Letters: Stressed troops are bound to break the Geneva rules

These letters were published in the 11th November edition of The Independent

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The absurdity of a “war on terror” tipped our troops into one of our longest conflicts, against a foe which routinely hangs the body parts of captured soldiers from trees.

As a former military chaplain, I am more than a little uneasy with the trial of a marine for shooting “in cold blood” a wounded Taliban combatant on the field of battle. We are so short of troops that these men were endlessly rotated into this idiotic, unwinnable conflict and worn out by battle fatigue – and in the end something was going to give.

The “shock horror” reaction implies such things are completely out of character, but there were many hushed-up cases of British soldiers shooting German prisoners of war in the Second World War.

When taped evidence surfaced in this case, disciplinary action was inevitable, but it is naive to expect men coolly to follow the Geneva rules to the letter in the midst of a “filthy little war”.

Rev Dr John Cameron, St Andrews, Fife

 

It was inevitable that there would be a quickness to defend and downgrade the crime committed by one of “our boys” (“Ex-general calls for leniency towards Royal Marine who killed Afghan fighter”, 9 November).

As for the attempts to portray this case as a “one-off”, the lie has been given to this by the many incidents of torturing and killing captured enemy from as far back as Kenya.

There is no doubt that our military are under horrendous pressure, but that can’t ever excuse such cruelty, especially in Iraq and Afghanistan, two countries for which we have no justification for having invaded.

When we eventually retreat, we will have left thousands of dead women and children who just happened to be in the way, creating a bitterness in people against Britain and the West that will achieve the opposite result to that carelessly promised before invasion.

Eddie Dougall, Walsham-le-Willows, Suffolk

 

I appreciate that the killing of a wounded enemy combatant is a disgrace and inexcusable. But if you consider the circumstances: shortly before his death, the deceased had been trying to kill the marines, and he or his close associates were responsible for the death and maiming of many of Marines A’s comrades.

Is a moment’s madness in those circumstances murder? Surely, it was manslaughter at worst.

In a war situation, things are rarely clear. Is the operator of a keyboard and joystick who fires a missile from an unmanned drone mistakenly on to an Afghan wedding party any less guilty?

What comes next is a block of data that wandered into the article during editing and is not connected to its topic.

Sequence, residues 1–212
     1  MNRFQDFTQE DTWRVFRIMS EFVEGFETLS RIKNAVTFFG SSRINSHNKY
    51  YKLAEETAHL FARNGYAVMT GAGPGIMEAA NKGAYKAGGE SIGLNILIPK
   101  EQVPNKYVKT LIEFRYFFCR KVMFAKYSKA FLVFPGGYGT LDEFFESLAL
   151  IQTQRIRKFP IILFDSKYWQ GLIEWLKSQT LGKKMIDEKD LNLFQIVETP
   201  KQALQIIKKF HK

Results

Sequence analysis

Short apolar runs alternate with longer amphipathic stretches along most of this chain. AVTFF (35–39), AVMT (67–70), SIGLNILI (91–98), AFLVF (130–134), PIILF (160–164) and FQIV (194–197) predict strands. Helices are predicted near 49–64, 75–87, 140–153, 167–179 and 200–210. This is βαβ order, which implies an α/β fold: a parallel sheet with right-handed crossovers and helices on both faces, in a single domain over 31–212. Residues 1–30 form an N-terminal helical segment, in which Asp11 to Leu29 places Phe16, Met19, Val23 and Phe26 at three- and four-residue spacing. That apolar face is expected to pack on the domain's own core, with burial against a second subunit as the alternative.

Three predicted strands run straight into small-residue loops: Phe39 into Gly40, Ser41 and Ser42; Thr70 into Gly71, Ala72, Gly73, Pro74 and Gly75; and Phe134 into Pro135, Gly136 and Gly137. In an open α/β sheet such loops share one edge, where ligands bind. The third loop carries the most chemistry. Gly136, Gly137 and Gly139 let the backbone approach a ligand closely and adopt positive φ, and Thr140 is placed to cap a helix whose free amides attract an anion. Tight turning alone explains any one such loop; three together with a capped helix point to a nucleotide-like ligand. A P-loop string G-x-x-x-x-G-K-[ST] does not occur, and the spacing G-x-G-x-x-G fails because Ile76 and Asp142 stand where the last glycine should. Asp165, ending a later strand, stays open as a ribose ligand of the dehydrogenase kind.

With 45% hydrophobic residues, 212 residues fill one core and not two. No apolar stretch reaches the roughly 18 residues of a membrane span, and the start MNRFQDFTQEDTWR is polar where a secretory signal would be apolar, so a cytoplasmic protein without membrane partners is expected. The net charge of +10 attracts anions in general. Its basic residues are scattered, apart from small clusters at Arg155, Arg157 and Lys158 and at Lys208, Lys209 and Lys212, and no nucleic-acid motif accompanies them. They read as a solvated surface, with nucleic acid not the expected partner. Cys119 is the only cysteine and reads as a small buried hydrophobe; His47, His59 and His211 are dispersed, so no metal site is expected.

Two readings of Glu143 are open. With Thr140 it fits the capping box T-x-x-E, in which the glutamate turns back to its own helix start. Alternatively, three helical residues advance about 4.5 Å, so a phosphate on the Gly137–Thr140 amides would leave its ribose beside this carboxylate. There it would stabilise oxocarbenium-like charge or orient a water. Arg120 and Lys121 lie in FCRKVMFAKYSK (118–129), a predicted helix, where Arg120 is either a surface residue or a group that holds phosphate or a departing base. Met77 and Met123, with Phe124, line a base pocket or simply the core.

If you follow the argument that the operator was working under orders, is his commander then charged with the murder of those innocents?

The same reasoning needs to be applied in the sentencing of Marine A. 

Neil Ross, Maryculter, Aberdeenshire

 

On the day she killed Sally Hodkin in 2011, Nicola Edgington had done the best her ruptured rationality allowed to get help to prevent what she knew  were the consequences of her deteriorating mental state.

Yet the judge still imposed a long minimum sentence and made it clear he thought she was entirely responsible for her actions.

Her appeal drew little coverage, as she has only the support of her lawyers.

What a contrast with the ranks of a former general and the like who have launched into a defence of Marine A even before sentence is pronounced.

It seems that to get constructive and compassionate justice requires a public furore and the backing of the great and good.

Mary Pimm and Nik Wood, London E9

How we can renew faith in democracy

Matthew Norman (6 November) says voting reform is essential if we are to tackle people’s disillusionment with politics. But his suggestion – a “none of the above” option on the ballot paper – will achieve nothing.

Politicians are used to public loathing; giving people another way of expressing disillusionment will satisfy some but do nothing to bring them closer to the representative democracy which is there to serve them.

Closing the gap between people and politics is entirely achievable. Institutional reforms such as an elected Lords and a proportional voting system would mean people’s votes counted for more, and political institutions would reflect their concerns more closely.